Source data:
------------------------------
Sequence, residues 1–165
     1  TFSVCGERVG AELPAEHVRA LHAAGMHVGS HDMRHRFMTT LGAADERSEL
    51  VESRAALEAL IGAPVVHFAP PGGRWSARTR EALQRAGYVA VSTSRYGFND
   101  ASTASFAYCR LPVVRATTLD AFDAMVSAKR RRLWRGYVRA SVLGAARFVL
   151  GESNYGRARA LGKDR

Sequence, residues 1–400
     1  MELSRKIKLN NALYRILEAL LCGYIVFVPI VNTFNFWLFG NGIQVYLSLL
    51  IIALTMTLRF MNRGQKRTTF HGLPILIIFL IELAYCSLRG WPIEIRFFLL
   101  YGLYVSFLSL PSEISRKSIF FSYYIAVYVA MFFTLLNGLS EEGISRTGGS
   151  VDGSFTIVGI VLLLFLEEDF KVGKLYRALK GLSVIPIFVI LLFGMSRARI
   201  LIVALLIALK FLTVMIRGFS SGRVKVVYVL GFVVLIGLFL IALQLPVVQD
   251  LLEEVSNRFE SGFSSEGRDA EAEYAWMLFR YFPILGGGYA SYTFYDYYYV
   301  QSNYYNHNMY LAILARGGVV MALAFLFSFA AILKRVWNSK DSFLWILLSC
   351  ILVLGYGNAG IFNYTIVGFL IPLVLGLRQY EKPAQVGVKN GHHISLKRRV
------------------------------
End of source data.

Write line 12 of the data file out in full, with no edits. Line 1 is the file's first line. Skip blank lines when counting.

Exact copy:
   251  LLEEVSNRFE SGFSSEGRDA EAEYAWMLFR YFPILGGGYA SYTFYDYYYV